Monday, May 25, 2015

Writing a Small Business Plan - The Importance of Cash

The saying that "cash is king" is never more true than for a small business owner. While large businesses may sit on huge reserves of cash and not be worried about borrowing when it runs low, a small business has to worry. A business plan for a small business should address these cash concerns.
Startup Cash

A primary reason to create a business plan is to be able to raise capital. Before doing so, the small business entrepreneur must know how much cash will be required to launch. The startup cash needs are determined by this equation: total payments needed before launch + shortfall between cash inflows for operations and cash outflows for expenses until break-even + a cash reserve. Entrepreneurs will often forget one of the last two numbers, raising only enough to cover the expenses prior to launch and forgetting that additional cash must be on hand to carry the business through its early months (or years) before it generates its own cash through operations. It can be very difficult to go back to funders for more money just as the company is ready to launch. Funding may not be forthcoming, or may be available only at punishing interest rates. Think ahead to plan for the full startup cash requirements so that the first round of funding can hopefully be your last.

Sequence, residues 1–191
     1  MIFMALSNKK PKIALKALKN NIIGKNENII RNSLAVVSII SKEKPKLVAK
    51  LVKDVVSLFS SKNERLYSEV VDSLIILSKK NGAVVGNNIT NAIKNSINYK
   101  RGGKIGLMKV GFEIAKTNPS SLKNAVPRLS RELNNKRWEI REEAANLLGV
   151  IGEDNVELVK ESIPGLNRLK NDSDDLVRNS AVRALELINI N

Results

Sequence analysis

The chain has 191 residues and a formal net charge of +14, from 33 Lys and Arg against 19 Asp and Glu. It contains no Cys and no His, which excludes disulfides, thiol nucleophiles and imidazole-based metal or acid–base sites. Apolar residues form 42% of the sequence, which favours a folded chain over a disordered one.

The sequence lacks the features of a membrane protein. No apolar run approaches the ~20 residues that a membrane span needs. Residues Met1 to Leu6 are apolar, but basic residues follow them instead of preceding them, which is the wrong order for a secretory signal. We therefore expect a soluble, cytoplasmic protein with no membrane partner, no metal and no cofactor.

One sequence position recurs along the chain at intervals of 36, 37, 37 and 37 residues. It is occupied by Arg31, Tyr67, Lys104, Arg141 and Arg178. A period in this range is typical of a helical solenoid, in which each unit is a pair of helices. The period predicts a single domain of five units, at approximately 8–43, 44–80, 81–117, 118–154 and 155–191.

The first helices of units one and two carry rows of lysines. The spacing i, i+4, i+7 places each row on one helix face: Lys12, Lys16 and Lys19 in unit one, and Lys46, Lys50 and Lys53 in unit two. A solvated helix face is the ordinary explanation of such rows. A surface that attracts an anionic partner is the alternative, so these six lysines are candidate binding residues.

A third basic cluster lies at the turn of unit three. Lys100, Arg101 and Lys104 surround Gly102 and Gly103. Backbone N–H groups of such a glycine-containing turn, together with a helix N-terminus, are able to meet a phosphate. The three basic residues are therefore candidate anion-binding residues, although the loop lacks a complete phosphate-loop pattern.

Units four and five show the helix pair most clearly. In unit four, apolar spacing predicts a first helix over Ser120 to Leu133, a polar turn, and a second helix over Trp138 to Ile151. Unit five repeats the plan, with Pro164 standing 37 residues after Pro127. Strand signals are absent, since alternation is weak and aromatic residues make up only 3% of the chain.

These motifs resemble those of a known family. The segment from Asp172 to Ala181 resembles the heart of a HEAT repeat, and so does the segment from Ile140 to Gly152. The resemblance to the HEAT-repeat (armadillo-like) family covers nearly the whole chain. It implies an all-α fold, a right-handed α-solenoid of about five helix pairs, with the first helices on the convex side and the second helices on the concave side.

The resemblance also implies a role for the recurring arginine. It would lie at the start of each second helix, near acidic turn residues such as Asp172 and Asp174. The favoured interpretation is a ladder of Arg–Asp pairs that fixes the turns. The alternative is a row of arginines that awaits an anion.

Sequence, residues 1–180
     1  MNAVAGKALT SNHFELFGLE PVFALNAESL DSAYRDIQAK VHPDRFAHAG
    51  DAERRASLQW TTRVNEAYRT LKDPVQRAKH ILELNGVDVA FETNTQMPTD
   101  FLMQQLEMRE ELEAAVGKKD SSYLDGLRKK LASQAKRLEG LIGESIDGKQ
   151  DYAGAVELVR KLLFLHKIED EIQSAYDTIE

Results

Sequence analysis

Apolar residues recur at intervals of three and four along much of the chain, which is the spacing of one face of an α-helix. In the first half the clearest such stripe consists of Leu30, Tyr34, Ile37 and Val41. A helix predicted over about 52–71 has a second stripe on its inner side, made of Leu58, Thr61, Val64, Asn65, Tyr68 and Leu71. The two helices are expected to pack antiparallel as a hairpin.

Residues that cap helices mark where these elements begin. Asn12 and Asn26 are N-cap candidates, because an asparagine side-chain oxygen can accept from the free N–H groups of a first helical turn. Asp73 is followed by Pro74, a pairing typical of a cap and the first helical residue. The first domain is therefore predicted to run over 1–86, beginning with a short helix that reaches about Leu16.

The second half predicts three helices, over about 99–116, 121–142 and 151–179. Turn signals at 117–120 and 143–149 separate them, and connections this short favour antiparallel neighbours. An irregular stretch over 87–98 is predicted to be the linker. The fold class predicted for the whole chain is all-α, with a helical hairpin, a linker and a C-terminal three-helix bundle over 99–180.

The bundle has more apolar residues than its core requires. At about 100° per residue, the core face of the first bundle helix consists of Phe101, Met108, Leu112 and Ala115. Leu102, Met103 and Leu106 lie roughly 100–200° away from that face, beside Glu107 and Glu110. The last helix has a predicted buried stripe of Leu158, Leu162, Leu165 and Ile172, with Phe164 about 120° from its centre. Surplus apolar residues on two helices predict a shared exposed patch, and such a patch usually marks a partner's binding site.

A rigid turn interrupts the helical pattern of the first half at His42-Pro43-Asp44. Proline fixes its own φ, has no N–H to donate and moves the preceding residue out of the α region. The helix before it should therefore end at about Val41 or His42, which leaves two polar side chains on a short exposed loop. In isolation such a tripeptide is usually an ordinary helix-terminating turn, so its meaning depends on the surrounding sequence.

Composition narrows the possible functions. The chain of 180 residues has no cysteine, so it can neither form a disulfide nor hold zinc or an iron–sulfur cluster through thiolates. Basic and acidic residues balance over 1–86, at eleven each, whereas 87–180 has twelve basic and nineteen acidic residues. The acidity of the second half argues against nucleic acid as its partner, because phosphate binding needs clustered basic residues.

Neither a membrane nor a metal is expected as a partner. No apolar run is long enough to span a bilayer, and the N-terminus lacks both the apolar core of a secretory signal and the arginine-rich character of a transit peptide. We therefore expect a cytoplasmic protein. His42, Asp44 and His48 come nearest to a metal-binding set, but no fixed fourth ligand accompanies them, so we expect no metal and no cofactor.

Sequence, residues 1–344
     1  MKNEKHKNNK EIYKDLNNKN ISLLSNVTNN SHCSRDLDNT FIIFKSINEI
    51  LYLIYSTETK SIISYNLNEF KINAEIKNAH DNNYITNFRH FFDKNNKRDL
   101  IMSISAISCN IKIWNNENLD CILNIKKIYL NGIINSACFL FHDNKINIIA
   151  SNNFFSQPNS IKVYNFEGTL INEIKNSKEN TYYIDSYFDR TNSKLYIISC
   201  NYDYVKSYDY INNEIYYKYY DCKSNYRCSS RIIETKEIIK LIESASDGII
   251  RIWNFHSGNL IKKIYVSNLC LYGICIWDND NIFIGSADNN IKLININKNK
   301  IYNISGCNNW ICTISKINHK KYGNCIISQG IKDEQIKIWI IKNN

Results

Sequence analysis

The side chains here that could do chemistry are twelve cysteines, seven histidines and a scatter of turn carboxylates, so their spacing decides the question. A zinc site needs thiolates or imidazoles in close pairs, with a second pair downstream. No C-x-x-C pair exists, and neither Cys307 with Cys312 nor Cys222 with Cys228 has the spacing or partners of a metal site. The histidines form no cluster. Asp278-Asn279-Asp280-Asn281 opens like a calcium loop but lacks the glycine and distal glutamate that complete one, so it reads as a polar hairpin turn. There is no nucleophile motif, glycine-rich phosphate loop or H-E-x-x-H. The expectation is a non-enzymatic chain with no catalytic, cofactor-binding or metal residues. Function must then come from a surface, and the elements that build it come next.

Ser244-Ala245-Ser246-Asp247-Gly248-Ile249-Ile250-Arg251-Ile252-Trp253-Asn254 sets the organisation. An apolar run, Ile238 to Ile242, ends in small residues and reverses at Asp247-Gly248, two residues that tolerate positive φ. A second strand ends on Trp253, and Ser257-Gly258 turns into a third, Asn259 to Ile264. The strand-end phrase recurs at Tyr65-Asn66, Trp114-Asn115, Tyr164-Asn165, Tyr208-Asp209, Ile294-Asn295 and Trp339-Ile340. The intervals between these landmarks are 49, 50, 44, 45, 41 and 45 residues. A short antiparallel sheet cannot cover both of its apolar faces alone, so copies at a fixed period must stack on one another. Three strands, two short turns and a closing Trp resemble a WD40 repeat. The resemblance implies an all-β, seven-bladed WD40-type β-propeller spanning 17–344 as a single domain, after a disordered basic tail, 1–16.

Cash Planning
The business plan requires the entrepreneur to create a cash flow statement which should then act as a guide for ongoing cash management. By looking ahead to see the month by month (or even week by week) cash inflows and outflows, the entrepreneur can see cash flow problems and plan for how to solve them before they occur. Remember that the meaning of bankruptcy is the inability to pay ones creditors. Even short-term problems can lead to bankruptcy if creditors refuse to wait for their payments.
Cash Reserves
The cash flow statement should manage to show a cash balance of at least thousands of dollars at all times. This acts as a safety net to pay for unforeseen expenses, to cover the losses of expected revenue, and to allow for the company to take advantage of certain opportunities that may arise. Consider that personal financial advisors recommend a cash reserve of three to six months worth of expenses. The more uncertain your future revenues are, the closer your business should match these cash reserve levels.
Eric Powers is associated with Growthink, a business plan consulting firm. Since 1999, Growthink has provided business plan development services for more than 2,000 entrepreneurs and business owners who have raised more than $1 billion in growth capital. Call 800-506-5728 today for a free business plan consultation with a Growthink business plan writer.

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